“Oh, Wright, I can’t believe I’m hearin’ this. Neil, she’s two!”
“Aw, she won’t remember once she gets old enough fer any o’ this ter matter.”
“She better …” Ailís’s voice trailed off. She rubbed her stomach.
“Da-Da?” Nellie asked, tugging on Neil’s sleeve.
“What da-das do?”
She looked at him as if he were being too foolish for words. Neil suspected that Nellie had picked that expression up from the ones her mother probably shot at his back — or did all children have that expression naturally? He’d have to watch Grady and Berach’s little ones more closely, just to see.
“If Mama grow baby in garden,” Nellie replied, “what Da-Da do?”
“Oh! Er — well, he’s the farmer, and he plants a seed!”
“In — in the Mama’s belly button!” he said — and then proceeded to tickle Nellie and hopefully drive the conversation from her head.
Nellie squealed and giggled and Ailís smiled and shook her head. “I talked me way out of that one all right, don’t ye think?” Neil asked, looking up.
“Ye better hope she fergets this whole thing, else –” Ailís paused with a slight gasp.
Neil didn’t hear it. “Aye, aye, I know — we’ll have the most confused little girl in the kingdom. But our Nellie ain’t confused, is she?”
“And why is that?”
“Because Da-Da ‘splain EV’RYTHIN’!”
“That’s right, Nellie!” Neil tickled her and she squealed again. “Da-Da knows everything, and who does he tell?”
“An’ why is that?”
“‘Cause Newwie is Da-Da’s girl!”
“And whenever Nellie has a question,” Neil went on, “who does she go to?”
Neil turned around to find his wife doubled over in pain.
“Mama!” Nellie cried out — Neil had to hold the little one tight to keep her from trying to squirm over to her mother. He could see her eyes starting to fill up with tears already.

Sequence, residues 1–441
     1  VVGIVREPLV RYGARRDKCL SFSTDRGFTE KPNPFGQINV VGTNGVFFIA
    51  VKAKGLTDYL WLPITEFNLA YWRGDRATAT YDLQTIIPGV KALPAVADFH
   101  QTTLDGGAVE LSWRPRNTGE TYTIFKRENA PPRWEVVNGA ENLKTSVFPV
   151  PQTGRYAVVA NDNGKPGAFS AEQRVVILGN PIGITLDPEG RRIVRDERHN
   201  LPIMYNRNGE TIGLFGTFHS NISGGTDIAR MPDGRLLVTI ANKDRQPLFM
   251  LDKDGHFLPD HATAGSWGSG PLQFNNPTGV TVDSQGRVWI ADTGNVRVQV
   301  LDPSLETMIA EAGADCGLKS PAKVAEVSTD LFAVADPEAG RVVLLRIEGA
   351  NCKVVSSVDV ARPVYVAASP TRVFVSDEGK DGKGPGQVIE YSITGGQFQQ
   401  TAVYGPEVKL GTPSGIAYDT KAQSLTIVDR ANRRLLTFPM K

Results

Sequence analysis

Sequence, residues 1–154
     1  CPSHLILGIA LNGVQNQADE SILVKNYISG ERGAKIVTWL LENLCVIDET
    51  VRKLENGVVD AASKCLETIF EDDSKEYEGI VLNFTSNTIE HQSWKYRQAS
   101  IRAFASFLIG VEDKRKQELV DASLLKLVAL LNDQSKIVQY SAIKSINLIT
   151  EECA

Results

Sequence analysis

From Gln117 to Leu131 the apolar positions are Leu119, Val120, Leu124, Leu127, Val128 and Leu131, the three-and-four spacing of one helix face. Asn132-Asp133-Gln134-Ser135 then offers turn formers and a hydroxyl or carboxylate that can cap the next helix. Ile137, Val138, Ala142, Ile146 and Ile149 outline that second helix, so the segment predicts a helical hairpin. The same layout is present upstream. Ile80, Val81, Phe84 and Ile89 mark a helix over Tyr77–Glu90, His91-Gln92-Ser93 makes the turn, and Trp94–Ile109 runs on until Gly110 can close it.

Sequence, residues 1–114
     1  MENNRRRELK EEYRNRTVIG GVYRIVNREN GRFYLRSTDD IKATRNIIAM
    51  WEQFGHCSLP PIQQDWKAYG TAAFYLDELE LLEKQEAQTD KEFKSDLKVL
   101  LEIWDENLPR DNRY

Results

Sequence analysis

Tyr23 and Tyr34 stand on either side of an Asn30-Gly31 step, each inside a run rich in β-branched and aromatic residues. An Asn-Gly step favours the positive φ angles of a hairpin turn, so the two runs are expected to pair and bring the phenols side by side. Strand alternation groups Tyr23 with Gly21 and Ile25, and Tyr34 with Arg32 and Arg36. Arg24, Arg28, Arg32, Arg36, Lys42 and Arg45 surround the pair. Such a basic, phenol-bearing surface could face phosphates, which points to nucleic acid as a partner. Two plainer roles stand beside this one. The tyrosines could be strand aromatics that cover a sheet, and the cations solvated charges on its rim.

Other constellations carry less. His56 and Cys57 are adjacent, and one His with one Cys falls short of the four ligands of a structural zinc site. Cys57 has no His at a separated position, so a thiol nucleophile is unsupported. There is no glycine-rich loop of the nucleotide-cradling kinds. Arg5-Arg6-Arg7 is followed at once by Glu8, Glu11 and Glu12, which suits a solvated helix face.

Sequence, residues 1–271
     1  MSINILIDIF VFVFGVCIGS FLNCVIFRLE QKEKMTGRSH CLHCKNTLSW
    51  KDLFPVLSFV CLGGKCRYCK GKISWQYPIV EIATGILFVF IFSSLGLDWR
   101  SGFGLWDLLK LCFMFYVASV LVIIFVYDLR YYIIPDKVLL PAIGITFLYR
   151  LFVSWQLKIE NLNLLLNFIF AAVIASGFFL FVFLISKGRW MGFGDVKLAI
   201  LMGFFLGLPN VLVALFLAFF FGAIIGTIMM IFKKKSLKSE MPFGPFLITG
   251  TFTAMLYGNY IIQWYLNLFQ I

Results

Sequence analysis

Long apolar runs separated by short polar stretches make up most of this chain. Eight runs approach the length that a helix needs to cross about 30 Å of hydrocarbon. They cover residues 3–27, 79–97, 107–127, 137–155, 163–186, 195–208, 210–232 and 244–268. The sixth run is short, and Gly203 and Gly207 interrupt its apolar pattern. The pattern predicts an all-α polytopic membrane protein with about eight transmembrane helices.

“Aw, Nellie, don’t worry, Mama — uh — Ailís –”
Ailís looked up with a smile for her daughter that was mostly a grimace. Then she looked at Neil. “Get the midwife.”
“The mid–the midwife! Aye, aye, the midwife!” He started to make a dash for the door.
He stopped. “Ailís, what if she’s with the Lady Clarity?”
“The wha–oh, Neil! Don’t even say things like that!”
“But she could be, the Lady –”
“NEIL! GET THE MIDWIFE!”
“Aye, aye! Midwife!” And out the door Neil ran.
“Neil! Wait! Don’t –” Ailís sighed as she straightened. “Take Nellie,” she muttered below her breath.
It was too late anyway, considering that Neil had run out the door, Nellie still in his arms.
“Oh, Wright — I must’ve married the best-hearted man on yer earth — but he don’t have any sense,” Ailís murmured to herself. She rubbed her stomach. “Sweetheart, I hope ye’ve got yer Da’s heart, that’s fer sure — but please, get me sense! Yer sister didn’t seem ter get much of it, an’ I can’t handle bein’ the only sane one in the house much longer!”
She recalled that, a little over two years ago, she had made a similar remark to Nellie. Nellie had replied with another pain. This baby did not.
Ailís decided to take that as a good sign as she climbed slowly up the ladder and made her way into the bedroom.
This time, being much more familiar with the whole process of birth, and knowing that, though it would probably be quicker this time, she wasn’t likely to have the baby as she bustled about, she was able to get things in some degree of readiness. She got her dress off and neatly folded away, undo her hair (it was going to be a mess soon anyway, might as well just get the thong out and shake it loose) got plenty of sheets and blankets out for whenever they would need changing, and for wrapping the little one in when it finally came. She was still puttering around in her undergarments when she heard the front door open and shut.